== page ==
Destinations in Indonesia
Randai, the distinct Minangkabau Performing Art combining Literature, Music and Pencak Silat
The Randai of the Minangkabau in the highlands of West Sumatra merges story telling with drama, traditional Minangkabau dance, song, music, rhymes, and self defense pencak silat actions. Most intriguing of Randai is that it is always done in a circle, which, according to local wisdom is the symbol of unity, the unbroken link of Minangkabau society with all its traditions and based on Islamic learnings from the Holy Quran.
As Randai also pulls in its spectators, performances are mostly played at a level with the audience and not on a raised platform. The audience is then free to make comments or clap to cheer on performers. .
Unlike the Saman Dance of Aceh, where dancers sit tightly in a straight row, Randai performers remain in a circle, starting with slowly moving their feet while recounting the story alternately in groups. Although Randai is meant as folk entertainment, the dance contains moral messages and advice, where all movements follow instructions from one or more leaders, known as janang.
Most popular tales are the Cindua Mato, Malin Deman, Anggun Nan Tongga, and others. The Randai is aimed to entertain and is usually performed at weddings, harvest festivals and at the end of the Ramadhan fasting month celebrating Idul Fitri.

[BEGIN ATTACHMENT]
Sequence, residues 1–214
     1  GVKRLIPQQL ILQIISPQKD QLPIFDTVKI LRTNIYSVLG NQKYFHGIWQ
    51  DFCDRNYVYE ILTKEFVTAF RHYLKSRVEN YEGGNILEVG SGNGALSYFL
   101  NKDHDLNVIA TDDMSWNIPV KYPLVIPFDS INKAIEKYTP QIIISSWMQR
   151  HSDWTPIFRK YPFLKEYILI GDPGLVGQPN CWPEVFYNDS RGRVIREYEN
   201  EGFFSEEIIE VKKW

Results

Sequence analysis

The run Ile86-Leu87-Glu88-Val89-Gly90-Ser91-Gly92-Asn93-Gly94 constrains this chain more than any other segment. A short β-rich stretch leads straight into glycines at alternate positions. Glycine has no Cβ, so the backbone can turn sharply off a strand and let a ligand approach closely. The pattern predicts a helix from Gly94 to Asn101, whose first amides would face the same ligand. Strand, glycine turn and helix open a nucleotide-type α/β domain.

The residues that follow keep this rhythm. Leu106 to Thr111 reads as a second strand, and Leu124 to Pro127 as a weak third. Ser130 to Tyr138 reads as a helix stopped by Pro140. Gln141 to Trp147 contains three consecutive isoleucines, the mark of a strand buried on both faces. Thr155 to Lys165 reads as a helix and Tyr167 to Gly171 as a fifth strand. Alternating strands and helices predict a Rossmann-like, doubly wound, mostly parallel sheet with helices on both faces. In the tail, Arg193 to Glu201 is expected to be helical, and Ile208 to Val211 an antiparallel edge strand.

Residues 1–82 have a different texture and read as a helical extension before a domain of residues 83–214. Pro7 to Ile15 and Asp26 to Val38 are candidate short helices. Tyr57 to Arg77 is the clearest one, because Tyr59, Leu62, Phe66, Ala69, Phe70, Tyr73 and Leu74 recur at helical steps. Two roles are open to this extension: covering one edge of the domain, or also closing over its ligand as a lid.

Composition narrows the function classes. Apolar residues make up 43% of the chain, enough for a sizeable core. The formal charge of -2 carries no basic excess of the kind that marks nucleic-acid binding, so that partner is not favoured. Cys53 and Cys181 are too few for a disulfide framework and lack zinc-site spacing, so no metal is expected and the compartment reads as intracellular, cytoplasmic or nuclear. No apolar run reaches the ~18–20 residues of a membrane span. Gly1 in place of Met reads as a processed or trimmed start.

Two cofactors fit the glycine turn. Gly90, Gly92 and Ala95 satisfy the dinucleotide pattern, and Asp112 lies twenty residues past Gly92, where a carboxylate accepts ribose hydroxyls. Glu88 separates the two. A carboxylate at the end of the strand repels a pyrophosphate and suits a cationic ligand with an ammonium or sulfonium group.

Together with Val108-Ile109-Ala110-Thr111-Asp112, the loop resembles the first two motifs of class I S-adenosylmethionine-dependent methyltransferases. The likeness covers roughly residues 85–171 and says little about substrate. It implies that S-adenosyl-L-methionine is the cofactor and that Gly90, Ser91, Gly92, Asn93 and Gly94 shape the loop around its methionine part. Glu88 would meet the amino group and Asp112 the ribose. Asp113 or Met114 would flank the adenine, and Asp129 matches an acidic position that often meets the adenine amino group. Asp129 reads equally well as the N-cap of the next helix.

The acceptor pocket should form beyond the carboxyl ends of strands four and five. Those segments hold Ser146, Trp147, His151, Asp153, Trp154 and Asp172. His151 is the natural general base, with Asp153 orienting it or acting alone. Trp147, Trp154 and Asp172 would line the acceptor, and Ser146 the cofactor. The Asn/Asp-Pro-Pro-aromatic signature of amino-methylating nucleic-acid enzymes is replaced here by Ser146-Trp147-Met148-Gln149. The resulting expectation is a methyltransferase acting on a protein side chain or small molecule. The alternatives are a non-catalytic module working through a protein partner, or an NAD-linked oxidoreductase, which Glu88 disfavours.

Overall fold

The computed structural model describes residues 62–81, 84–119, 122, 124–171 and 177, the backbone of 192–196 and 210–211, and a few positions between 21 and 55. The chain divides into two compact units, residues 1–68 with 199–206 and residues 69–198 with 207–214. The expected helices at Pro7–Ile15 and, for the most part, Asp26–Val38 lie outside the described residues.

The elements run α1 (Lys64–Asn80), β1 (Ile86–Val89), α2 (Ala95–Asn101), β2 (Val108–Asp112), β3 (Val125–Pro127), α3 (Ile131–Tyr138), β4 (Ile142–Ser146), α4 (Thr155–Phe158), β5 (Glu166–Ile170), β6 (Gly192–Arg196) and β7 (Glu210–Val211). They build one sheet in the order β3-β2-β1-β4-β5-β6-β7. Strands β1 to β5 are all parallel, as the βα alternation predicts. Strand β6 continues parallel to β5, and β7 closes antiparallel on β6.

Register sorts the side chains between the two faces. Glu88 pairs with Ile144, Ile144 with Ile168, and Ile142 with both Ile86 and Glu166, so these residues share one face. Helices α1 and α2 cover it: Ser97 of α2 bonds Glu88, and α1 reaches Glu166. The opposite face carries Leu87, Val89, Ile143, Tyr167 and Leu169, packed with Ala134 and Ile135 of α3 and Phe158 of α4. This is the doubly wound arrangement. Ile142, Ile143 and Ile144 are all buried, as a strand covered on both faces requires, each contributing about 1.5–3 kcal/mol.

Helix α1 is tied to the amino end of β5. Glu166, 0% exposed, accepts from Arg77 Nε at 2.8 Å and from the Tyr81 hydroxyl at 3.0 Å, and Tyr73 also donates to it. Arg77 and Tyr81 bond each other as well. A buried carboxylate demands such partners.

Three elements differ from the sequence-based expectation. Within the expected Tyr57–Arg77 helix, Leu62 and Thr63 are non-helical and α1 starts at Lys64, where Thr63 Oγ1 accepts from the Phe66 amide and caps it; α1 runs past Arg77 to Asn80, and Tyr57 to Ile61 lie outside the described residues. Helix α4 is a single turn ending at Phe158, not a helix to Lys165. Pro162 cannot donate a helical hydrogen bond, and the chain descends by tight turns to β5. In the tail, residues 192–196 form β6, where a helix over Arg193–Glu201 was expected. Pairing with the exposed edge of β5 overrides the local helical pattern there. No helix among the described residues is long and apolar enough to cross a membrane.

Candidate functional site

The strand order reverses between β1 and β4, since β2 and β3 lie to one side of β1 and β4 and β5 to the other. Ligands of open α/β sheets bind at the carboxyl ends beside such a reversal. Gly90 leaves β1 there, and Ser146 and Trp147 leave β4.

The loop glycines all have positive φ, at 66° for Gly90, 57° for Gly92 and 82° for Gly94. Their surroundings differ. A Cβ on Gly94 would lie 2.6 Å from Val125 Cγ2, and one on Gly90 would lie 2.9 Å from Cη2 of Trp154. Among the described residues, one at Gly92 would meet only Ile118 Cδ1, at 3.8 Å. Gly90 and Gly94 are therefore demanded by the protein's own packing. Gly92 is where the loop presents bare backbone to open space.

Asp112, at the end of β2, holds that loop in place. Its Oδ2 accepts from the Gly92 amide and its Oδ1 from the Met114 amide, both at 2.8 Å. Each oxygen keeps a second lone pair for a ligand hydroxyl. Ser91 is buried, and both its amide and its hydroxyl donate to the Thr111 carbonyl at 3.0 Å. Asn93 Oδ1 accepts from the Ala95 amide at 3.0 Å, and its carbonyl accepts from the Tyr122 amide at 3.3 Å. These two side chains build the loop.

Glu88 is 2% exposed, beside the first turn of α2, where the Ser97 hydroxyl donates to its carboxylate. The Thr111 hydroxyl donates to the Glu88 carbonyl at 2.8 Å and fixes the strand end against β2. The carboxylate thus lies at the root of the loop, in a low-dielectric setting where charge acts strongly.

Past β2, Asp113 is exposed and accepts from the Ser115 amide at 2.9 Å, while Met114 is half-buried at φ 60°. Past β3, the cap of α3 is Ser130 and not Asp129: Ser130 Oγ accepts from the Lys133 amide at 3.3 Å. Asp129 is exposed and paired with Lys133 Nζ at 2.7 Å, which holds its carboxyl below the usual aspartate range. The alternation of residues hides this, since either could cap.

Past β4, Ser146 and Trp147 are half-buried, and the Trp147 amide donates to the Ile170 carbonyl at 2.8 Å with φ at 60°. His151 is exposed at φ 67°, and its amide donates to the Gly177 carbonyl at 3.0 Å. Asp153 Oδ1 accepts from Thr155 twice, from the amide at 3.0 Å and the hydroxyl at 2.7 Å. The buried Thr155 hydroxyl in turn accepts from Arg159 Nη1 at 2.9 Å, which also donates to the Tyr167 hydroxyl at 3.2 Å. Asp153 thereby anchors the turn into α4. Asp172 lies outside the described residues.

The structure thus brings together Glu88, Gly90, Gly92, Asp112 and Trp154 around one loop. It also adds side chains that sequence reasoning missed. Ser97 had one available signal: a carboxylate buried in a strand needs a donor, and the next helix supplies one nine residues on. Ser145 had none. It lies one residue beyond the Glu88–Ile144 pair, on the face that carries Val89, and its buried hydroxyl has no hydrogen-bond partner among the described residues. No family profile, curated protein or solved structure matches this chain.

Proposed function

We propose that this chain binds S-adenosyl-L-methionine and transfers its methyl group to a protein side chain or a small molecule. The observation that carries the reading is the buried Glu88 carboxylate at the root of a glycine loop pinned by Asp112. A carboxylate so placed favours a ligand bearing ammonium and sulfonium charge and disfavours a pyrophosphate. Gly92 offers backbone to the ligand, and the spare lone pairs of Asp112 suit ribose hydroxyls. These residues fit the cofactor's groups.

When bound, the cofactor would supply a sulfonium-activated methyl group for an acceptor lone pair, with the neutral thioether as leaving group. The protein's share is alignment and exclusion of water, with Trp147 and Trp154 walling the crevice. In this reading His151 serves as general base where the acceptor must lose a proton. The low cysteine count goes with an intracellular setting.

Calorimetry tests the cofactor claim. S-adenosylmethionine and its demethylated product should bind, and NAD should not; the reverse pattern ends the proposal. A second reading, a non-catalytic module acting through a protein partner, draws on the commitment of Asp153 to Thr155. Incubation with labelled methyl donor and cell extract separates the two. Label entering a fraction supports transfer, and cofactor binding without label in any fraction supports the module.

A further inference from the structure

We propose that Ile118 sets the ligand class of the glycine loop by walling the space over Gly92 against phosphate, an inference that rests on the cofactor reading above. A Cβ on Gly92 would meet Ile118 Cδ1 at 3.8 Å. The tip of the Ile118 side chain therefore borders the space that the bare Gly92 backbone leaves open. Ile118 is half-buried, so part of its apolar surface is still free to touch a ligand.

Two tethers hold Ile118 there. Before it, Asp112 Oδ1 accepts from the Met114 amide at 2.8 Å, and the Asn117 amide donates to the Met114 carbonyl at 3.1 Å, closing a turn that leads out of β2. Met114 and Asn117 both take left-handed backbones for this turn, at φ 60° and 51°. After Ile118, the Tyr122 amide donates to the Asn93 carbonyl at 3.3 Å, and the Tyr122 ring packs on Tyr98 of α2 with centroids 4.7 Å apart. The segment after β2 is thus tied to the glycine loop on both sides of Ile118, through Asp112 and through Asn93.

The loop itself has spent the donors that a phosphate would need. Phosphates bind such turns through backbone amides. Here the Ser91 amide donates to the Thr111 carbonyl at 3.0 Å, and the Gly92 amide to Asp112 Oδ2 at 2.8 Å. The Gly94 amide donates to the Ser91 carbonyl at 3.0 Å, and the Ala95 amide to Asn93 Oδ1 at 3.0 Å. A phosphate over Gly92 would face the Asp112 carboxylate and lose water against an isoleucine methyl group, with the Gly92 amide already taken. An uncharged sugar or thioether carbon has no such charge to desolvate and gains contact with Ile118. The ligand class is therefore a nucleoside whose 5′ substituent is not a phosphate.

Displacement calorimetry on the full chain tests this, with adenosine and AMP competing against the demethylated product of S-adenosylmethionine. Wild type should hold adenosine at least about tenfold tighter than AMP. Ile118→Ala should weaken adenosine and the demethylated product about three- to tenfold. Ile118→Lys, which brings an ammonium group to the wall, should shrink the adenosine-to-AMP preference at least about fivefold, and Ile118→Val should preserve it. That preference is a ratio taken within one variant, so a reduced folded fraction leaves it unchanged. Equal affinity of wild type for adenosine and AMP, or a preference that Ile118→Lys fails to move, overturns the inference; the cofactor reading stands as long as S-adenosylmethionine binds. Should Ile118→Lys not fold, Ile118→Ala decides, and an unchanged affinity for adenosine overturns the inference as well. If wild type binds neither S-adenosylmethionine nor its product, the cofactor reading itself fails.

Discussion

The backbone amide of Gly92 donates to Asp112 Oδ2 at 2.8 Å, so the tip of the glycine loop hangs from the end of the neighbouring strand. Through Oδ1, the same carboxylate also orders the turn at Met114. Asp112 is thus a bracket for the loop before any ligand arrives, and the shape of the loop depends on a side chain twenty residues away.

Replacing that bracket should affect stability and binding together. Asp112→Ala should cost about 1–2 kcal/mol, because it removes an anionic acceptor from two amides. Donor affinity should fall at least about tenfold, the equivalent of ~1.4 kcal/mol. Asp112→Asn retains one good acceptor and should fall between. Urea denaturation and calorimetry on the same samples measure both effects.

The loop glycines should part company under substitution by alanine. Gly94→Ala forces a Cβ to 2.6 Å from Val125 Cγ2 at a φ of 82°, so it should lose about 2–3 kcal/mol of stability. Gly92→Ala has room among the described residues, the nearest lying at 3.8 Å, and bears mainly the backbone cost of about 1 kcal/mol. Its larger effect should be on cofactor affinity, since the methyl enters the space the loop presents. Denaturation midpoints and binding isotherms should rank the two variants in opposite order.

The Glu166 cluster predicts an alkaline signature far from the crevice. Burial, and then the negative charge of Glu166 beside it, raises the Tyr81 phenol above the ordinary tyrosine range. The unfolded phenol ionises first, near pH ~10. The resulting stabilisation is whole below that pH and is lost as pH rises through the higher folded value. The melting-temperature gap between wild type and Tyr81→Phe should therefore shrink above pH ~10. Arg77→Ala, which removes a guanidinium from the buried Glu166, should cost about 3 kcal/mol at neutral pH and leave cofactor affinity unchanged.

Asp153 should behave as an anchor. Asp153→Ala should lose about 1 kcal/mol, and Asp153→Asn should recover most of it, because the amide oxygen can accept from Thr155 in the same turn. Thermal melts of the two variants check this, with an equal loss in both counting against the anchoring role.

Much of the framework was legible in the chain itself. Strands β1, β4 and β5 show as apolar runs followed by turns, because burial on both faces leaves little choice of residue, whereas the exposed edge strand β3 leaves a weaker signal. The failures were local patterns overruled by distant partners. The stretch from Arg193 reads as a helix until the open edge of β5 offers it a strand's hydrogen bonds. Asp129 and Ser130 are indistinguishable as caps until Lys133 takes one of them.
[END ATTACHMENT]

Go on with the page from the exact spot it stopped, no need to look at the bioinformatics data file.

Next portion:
A Randai group normally consists of 14 to 25 members. They train for months depending on the drama they will be performing. Rehearsals can take hours so these usually take place over the weekend, as members may come from many professions, some of whom are farmers, traders or craftsmen. Group members are called anak Randai, or children of Randai.
In a Randai performance there are also supporting actors. Some are called “waves” who perform wave movements following the pencak silat art. There are also musicians who play traditional instruments such as the talempong, gendang, serunai, saluang, puput batang padi, bansi, rebab and other musical instruments.
The leader is the narrator who speaks in a clear voice. Then there are also pasambahan players who hold a dialogue about Minangkabau values and express moral wisdom through symbolic language. And there must of course be the pencak silat performers who show off their prowess in the martial art.
The vocal kaba literature in Randai is never absent because of its lyrics which adhere to prescribed syllables through poems, sung poetry, and rhymes. These prescribed rules in narrating the story are known as gurindam.
Gurindam, together with the dance choreography which is based on silek (pencak silat) martial art, are the essence of Randai that make up the distinct Minangkabau traditional theatre.
Although Randai is in fact a form of traditional theatre, yet the Minangkabau themselves also view it as dance, where in their philosophy, dance combines physical movements with emotions that are rooted in pencak silat as important learning media taught in every village school, mosque and other traditional Minangkabau educational systems. Until this day Randai is still very much loved especially by rural communities.
However, in this modern day, the Randai can be seen performed all over Indonesia. In fact, at the University of Hawaii in the United States, a number of students have already managed to perform this dance, with narrations in the English language.
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